At first blush, the Tea Party and Occupy Wall Street appear as bookends: opposing grass-roots movements on the political right and left, respectively. But a look under the hood of each is instructive.
Republicans and Democrats, liberals and conservatives, find some agreement that a problem exists when there are 4,000 federal laws that can land you in prison and more than two million Americans are in prison or jail.
Nice to see that the left and right have met middle ground on the minimum wage issue. But Grover Norquist's true legacy isn't his anti-tax stand but his "pro-1 Percent" efforts .
It's time for people of courage to beat our partisan swords into ploughshares and come together to help millions of people who have lost the power to advocate for themselves.
The New Deal is dead. Long live the Raw Deal! The far Right white one percent are using the psychology of disenfranchisement that they leveled against...
Lawmakers must resist the cheap corporate rhetoric pushed by ALEC and others that makes right-to-work seem like a solution. It isn't.
It is the electorate's fault that we have allowed corporations to hijack our government, influence politicians to deregulate their industries and then save them when they fail.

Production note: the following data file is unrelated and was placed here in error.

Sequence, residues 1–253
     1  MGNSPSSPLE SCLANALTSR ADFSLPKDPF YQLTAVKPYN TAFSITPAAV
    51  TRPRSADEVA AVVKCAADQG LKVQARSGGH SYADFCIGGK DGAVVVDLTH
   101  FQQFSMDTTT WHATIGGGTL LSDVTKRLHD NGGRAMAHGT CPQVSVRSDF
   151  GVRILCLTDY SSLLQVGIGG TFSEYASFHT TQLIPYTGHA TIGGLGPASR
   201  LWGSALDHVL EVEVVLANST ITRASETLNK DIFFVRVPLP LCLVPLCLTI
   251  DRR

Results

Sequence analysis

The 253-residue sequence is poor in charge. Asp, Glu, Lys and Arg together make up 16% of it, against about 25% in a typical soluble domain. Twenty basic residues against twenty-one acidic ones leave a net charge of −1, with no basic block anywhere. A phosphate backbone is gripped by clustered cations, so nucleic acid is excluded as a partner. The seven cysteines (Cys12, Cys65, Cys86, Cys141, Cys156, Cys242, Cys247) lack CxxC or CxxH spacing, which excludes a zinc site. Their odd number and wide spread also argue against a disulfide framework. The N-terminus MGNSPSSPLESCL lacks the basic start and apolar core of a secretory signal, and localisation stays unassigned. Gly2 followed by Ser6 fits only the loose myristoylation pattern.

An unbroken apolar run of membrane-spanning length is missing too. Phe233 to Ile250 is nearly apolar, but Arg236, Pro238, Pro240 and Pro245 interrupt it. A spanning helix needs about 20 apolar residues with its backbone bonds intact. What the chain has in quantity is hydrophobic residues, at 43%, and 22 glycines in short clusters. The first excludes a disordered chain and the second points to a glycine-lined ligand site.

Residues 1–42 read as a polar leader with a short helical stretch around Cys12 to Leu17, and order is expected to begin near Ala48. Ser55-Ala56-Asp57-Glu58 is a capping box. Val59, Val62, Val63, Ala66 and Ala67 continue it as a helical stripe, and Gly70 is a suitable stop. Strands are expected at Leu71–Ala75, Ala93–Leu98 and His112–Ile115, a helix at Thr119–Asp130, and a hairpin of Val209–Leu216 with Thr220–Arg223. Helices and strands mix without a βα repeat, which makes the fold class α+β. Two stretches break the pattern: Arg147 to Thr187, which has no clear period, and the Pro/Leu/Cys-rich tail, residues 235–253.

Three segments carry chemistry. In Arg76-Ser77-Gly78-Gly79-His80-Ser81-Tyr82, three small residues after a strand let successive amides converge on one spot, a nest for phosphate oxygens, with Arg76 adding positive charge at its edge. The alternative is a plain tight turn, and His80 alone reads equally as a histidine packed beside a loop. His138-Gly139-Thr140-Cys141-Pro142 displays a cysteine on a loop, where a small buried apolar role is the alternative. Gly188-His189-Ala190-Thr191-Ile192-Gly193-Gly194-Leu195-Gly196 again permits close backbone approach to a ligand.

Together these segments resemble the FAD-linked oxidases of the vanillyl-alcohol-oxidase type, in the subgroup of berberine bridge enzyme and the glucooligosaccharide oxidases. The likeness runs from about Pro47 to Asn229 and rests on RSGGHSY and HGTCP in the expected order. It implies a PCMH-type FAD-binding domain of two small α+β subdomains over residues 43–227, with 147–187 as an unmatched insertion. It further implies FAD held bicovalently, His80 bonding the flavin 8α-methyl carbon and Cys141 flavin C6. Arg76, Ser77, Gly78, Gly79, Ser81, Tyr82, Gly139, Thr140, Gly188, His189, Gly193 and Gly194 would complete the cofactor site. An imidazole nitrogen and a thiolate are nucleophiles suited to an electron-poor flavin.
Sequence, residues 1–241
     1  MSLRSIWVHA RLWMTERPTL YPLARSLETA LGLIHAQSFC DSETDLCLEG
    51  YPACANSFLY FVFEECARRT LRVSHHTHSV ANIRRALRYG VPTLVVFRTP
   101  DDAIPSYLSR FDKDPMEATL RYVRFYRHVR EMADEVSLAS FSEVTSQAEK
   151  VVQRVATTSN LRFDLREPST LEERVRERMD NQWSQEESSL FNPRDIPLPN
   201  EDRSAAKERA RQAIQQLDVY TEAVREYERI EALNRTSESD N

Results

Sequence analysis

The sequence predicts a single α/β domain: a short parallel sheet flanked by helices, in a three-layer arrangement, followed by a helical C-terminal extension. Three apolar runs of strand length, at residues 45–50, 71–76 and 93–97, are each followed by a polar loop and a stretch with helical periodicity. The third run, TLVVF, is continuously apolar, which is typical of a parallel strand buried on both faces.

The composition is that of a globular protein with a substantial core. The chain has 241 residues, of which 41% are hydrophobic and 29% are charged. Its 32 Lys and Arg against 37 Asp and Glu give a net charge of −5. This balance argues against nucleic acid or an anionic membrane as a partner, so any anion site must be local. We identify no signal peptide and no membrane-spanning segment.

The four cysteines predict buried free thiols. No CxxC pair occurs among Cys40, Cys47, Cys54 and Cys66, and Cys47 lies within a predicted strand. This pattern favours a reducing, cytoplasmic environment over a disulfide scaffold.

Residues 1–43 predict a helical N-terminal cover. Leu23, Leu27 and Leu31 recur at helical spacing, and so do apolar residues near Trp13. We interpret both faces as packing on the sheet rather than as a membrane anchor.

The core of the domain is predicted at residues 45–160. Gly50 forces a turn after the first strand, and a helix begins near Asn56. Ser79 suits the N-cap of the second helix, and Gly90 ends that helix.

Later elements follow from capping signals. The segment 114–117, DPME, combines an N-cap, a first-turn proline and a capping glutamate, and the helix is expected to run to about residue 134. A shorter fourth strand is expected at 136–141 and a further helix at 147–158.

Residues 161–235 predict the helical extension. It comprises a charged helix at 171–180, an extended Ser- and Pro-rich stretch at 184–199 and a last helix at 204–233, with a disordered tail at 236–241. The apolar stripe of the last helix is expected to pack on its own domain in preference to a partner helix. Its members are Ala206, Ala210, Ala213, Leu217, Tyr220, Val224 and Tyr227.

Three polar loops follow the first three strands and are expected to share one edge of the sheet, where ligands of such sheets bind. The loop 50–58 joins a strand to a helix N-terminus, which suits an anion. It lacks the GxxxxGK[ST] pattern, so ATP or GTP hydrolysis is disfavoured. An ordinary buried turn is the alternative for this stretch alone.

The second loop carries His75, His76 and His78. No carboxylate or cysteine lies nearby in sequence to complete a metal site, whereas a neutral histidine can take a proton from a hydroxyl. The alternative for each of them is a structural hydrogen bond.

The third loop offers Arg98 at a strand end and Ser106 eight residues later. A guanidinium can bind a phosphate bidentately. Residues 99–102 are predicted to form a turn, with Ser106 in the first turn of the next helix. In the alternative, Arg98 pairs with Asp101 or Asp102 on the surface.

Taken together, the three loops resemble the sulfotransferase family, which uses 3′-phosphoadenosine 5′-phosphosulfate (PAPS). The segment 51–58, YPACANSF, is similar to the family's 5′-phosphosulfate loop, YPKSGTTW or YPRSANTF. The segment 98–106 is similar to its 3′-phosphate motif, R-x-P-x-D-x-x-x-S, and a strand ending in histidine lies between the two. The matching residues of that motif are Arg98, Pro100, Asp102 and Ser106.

Yesterday in Tennessee, in a narrow vote swung by just six percent, the United Auto Workers' efforts to unionize the Chattanooga Volkswagen workers fell short, 712-626. The 'yes' votes began to fade away in the final two weeks due to a barrage of billboards like the following...
Resistance to immigration reform is, in many ways, a last grasp at salvaging the majority; but sociology is a tidal wave that inchoate outrage cannot stanch.
Republicans believe, for example, that business should be free from the kind of government regulation that would prevent chemical companies from spewing poison into West Virginia drinking water. When it comes to freedom for workers, though, the GOP is all about squelching that.
With Chris Christie's ongoing Bridgegate "scandal," U.S. democracy might be joining the New Jersey governor's political future, going the way of the Dodo bird as well.
What little power the government still has to regulate campaign finance donations -- already whittled to a minimum by Citizens United -- is being steadily eroded by funding cutbacks, intimidation, bureaucracy and an inability or refusal to enforce the few rules we have left.
The partisan divide is as deep today as it perhaps has ever been. Even so, as demonstrated by the imminent passage of the first budget deal in almost five years, the landscape can change rapidly. The next big sea change seems relatively easy to predict...
One of the most profitable corporations in America is having a holiday food drive. But wait... there's a catch. The food drive is for the company's own underpaid, poverty-stricken workers. You really can't make this stuff up
In the radio version of Father Knows Best, the patriarch was an arrogant potentate. He would say, for example, "What a bunch of stupid children I have!" That is how Republicans have always regarded workers. Now they've revealed they feel the same way about CEOs.
The image of Joe McCarthy, a Catholic farm boy from the upper mid-west, being humiliated by the Episcopalian, Phi Beta Kappa, Harvard lawyer is an enduring one that reflects the historic animosities between Main Street and Wall Street Republicanism.